We’ve had a good deal of rain which has replenished the water bodies and all ponds and streams in the New Forest are looking much healthier. Good news indeed, but still the hunt for opportunities are proving a challenge.
My first port of call was Troublefield, just over the county border near Hurn. This is a fabulous water meadow on the banks of the Moors River which has showed promise on a previous visit. It needs a hot and sunny day to bring out the best, and I was there rather early. Still there were a couple of Common Darters and a few Southern Hawkers to be found.
On the way back I called into the pond to be greeted by a lone Common Darter perched and a few more patrolling the water
A few more days of rain and wind during the week prevented further exploration, but Friday looked more promising. Besides I needed an opportunity to try out a pair of wellies. I cannot believe how I’ve managed up to now without such a vital tool. They were ideal for tramping through the sodden heath but their real became apparent at the now full pond. Several Emerald damsels provided the ideal opportunity to use them as intended.
Moving on to Linford I was greeted by a healthy, and in places rather deep, Linford Brook. Again signs of life were acarce, but at least a female Southern Hawker provided a great opportunity to get some close-up shots while she was ovipositing.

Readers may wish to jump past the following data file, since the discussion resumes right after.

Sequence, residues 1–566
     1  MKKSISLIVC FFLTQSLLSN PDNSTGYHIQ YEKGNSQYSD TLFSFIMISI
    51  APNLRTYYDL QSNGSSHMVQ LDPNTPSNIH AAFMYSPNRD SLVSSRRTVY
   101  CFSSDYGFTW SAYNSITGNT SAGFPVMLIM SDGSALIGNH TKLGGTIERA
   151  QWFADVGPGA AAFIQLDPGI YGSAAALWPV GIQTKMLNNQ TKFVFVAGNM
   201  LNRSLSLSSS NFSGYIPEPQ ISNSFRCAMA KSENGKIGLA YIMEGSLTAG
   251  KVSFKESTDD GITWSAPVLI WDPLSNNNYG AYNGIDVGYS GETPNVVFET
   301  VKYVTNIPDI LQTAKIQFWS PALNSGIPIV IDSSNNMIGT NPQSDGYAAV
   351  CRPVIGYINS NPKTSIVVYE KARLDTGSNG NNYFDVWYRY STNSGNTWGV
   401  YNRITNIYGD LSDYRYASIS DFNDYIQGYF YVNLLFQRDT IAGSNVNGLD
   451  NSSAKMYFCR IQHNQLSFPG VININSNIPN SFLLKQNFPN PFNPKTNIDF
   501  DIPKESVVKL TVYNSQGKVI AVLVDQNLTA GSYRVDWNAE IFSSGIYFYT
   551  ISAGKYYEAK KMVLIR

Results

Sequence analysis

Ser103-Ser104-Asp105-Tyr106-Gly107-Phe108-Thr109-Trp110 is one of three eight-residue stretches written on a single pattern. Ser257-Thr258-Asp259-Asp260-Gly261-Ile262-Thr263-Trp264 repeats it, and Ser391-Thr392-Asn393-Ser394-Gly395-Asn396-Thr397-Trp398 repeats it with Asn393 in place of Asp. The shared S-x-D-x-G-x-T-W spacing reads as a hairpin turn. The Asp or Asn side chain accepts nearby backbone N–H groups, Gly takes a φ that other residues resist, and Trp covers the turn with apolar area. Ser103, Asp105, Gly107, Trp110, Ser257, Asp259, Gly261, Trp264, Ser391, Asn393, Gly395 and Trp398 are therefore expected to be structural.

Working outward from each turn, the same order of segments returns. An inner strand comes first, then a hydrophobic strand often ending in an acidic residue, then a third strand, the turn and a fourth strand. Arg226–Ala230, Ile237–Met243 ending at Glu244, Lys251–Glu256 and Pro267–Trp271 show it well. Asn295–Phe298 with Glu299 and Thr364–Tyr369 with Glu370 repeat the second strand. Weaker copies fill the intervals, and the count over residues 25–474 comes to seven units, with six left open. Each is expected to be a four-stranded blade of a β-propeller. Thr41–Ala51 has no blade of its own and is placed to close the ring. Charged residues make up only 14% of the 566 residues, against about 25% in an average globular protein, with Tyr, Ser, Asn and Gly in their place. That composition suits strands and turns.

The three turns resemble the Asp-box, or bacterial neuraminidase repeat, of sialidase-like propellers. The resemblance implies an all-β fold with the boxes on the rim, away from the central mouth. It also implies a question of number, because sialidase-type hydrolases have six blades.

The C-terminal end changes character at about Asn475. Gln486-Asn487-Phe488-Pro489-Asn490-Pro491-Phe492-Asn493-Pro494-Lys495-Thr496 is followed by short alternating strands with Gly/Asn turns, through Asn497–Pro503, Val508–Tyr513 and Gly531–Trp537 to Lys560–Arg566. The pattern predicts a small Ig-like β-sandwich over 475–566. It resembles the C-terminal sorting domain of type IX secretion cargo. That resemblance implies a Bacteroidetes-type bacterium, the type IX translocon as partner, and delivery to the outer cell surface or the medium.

The weather forecast for the weekend was promising and rather unexpected for a Bank Holiday. Knowing all roads west would be a nightmare of holiday traffic I decided against the New Forest and instead took Sue to Thursley Common. A wise choice. Barely out of the car we were greeted by a couple of Brown Hawkers and a couple of Downy (or mayve Brilliant Emeralds) patrolling the pond. Further exploration revealed Common Blue, Small Red and Red-eyed Damsels around the margins.
Hawker activity was plentiful so I set up camp on the northern bank and attempted to get a Brown Hawker in flight. These magnificent dragons are a wonder to observe in flight and provide a real challenge with their speed and manouverability. This was the best I could manage.
Next was a patrol of the heath where several male & female Black Darters were observed and a couple gave opportunities for a photograph or two.
Besides Black Darters there were a few very brightly-coloured Male Keeled Skimmers. The boardwalks themselves were festooned with Common Lizards of all shapes, sizes and colours, which was a delight to see.
Back towards the pond and along a ride there was plenty of activity with the enevitable Common Darters and some of the best Hawker activity we’ve witnessed for a while. Southerns, Migrants and Browns were patrolling the ride along with a lone Downy Emerald – a late showing for this species,.
Time was getting on and activity was slowing down, but we did manage to pop into Shortheath Common, near Oakhanger on the way home. The only sighting was of a lone Blue-tailed Damselfly which provided the last photo opportunity of the day.
All in all a cracking day and a fitting end to a more successful week. Here’s hoping the promised good weather will produce some fine results over the next week or so.